J Cancer 2018; 9(18):3287-3294. doi:10.7150/jca.25899 This issue
1. Department of Hepatic Surgery and Liver Transplantation Center of the Third Affiliated Hospital, Organ Transplantation Institute, Sun Yat-sen University; Organ Transplantation Research Center of Guangdong Province.
2. Key Laboratory of Liver Disease Research of Guangdong Province, The Third Affiliated Hospital of Sun Yat-sen University, Guangzhou, Guangdong, China.
3. Department of Medical Oncology, Sun Yat-Sen University Cancer Center; State Key Laboratory of Oncology in South China; Collaborative Innovation Center for Cancer Medicine, 651 Dongfeng Road East, Guangzhou 510060, China.
*These authors contributed equally as first authors.
Background: Hepatocellular carcinoma (HCC) patients with macroscopic vascular invasion (MaVI) have limited lifespans. According to recent studies, surgical treatment may be the most promising option. However, the current staging system does not select patients who will benefit most from hepatic resection.
Study design: A total of 123 patients undergoing hepatic resection for HCC with macroscopic vascular invasion (MaVI) between 2010 and 2014 at The Third Affiliated Hospital of Sun Yat-sen University were selected. We developed nomograms for overall survival (OS) and recurrence-free survival (RFS) using a Cox proportional hazards model. We assessed nomogram model performance based on the concordance index (C-index) and a calibration plot.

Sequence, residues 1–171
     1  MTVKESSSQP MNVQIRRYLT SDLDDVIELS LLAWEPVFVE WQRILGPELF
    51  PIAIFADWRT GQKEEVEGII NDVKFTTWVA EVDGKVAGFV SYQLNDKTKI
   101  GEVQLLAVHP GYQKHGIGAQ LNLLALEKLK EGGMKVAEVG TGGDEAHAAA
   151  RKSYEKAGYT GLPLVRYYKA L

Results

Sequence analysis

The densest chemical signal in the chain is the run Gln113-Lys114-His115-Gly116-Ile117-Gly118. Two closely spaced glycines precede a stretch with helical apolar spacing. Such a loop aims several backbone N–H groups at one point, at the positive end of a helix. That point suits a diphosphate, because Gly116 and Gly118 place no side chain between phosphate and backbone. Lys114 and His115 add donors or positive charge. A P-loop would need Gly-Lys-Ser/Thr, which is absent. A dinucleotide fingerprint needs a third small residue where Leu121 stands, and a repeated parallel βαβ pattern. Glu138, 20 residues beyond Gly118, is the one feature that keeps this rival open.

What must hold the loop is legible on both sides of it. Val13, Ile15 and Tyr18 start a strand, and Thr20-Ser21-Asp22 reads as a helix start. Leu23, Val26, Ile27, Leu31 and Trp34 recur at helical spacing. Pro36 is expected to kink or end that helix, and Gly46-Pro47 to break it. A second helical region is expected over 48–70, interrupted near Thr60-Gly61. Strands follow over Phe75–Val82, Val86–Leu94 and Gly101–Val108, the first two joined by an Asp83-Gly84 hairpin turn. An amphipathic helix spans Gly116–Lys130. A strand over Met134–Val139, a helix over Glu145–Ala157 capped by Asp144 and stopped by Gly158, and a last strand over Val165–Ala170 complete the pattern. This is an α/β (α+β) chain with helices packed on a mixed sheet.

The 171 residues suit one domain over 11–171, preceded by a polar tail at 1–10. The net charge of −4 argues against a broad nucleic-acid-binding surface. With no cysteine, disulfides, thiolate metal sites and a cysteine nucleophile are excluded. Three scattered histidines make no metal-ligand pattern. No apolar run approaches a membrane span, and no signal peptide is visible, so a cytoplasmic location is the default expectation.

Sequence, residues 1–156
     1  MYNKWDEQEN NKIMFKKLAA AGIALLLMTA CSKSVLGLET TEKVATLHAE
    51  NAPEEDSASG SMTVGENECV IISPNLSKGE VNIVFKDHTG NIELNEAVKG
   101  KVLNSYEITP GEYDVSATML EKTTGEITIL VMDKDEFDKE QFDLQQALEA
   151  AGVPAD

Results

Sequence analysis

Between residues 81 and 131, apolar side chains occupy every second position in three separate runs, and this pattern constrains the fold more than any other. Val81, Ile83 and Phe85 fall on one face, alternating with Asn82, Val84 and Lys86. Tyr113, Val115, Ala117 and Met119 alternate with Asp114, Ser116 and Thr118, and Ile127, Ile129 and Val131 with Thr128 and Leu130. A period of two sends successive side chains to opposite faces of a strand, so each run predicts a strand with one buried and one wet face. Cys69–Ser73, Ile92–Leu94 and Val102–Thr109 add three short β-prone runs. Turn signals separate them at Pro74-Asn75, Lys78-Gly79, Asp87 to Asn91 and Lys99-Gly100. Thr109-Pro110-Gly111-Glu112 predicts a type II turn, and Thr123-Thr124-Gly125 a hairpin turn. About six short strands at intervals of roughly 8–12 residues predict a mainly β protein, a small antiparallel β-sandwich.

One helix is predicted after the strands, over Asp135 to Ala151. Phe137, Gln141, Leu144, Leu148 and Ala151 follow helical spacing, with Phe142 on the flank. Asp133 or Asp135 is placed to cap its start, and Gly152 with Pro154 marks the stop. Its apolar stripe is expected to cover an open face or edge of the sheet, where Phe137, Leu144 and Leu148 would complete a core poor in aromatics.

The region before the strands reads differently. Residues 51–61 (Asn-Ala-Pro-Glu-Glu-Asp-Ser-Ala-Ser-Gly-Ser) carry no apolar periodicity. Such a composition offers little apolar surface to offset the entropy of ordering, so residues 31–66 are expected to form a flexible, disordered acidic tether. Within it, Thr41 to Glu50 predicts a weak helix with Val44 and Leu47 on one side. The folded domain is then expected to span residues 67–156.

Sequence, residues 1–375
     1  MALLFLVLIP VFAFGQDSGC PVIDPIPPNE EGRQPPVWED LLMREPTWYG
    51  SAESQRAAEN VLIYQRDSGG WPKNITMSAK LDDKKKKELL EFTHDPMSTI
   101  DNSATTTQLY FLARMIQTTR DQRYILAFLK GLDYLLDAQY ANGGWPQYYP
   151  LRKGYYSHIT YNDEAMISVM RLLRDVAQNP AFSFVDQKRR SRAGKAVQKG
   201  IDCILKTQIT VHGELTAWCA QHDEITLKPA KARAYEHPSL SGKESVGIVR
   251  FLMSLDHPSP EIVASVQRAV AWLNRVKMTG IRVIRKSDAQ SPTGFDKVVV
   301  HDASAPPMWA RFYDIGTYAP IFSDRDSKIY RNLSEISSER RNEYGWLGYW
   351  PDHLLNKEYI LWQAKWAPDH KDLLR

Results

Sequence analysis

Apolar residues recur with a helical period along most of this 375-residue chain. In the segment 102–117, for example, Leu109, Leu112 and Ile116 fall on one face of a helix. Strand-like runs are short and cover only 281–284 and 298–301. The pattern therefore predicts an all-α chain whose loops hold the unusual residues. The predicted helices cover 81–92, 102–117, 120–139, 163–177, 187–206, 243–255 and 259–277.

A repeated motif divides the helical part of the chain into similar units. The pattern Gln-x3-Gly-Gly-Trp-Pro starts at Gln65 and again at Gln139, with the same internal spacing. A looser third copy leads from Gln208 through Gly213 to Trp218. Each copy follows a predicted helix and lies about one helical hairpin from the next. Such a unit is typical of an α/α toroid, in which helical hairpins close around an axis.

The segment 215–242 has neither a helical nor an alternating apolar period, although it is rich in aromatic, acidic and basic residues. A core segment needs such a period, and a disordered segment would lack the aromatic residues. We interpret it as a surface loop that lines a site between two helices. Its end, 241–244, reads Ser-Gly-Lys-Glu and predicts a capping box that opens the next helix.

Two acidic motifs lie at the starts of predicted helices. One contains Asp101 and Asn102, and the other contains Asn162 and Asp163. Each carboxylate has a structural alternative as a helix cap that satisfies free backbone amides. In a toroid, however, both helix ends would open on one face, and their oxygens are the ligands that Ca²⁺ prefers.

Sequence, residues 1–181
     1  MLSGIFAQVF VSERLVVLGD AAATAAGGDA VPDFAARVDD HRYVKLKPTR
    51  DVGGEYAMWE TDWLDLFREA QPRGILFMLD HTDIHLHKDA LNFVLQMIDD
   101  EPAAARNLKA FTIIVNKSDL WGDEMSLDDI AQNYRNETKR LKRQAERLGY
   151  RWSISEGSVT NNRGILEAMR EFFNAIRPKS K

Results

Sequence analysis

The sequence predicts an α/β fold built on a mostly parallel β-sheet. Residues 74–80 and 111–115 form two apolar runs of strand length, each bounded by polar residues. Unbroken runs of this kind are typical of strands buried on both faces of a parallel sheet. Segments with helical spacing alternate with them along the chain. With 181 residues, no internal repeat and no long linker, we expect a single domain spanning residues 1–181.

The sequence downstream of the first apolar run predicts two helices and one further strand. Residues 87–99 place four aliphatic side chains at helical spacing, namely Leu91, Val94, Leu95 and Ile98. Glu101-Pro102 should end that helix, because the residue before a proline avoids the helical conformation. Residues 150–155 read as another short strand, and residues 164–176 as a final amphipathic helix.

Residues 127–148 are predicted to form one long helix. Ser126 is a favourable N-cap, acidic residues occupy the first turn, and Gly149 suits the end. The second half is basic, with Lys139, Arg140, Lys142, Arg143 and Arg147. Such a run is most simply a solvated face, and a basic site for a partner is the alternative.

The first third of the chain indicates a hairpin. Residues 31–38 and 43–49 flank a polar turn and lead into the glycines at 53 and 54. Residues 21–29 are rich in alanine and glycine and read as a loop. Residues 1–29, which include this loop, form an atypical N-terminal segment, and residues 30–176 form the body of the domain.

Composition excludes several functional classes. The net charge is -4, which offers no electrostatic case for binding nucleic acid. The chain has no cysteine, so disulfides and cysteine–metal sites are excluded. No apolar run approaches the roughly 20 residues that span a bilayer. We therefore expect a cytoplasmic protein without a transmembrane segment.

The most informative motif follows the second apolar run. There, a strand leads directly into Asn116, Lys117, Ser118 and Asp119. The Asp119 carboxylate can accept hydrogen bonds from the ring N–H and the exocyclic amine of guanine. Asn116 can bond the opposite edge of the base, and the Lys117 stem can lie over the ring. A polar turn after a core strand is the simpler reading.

Results: The 1- and 3-year overall survival (OS) rates for all patients were 84% and 71%, respectively. Correspondingly, the 1- and 3-year recurrence-free survival (RFS) rates were 55% and 35%, respectively. In the multivariate Cox model, the extent of vascular invasion, tumour count, fibrinogen, HBV DNA load and serum potassium significantly affected prognosis. The C-index of the two nomograms were 0.80 and 0.69 for OS and RFS respectively. Based on our nomogram, patients predicted to have 1-year and 3-year RFS rates of more than 80% and 56% had actual 1-year and 3-year RFS rates of 81.8% and 57.1%, respectively, including 9.0% and 17.1% of the HCC patients with MaVI in our database.
Conclusion: Surgical treatments are a therapeutic option that can provide more survival benefit for HCC patients with MaVI. With the help of our nomograms, selected HCC patients with MaVI can benefit from hepatic resection and have the same survival rate as that for early-stage HCC patients.
Keywords: Hepatocellular carcinoma, Macroscopic vascular invasion, Hepatic resection, Prognostic predictive model, Nomogram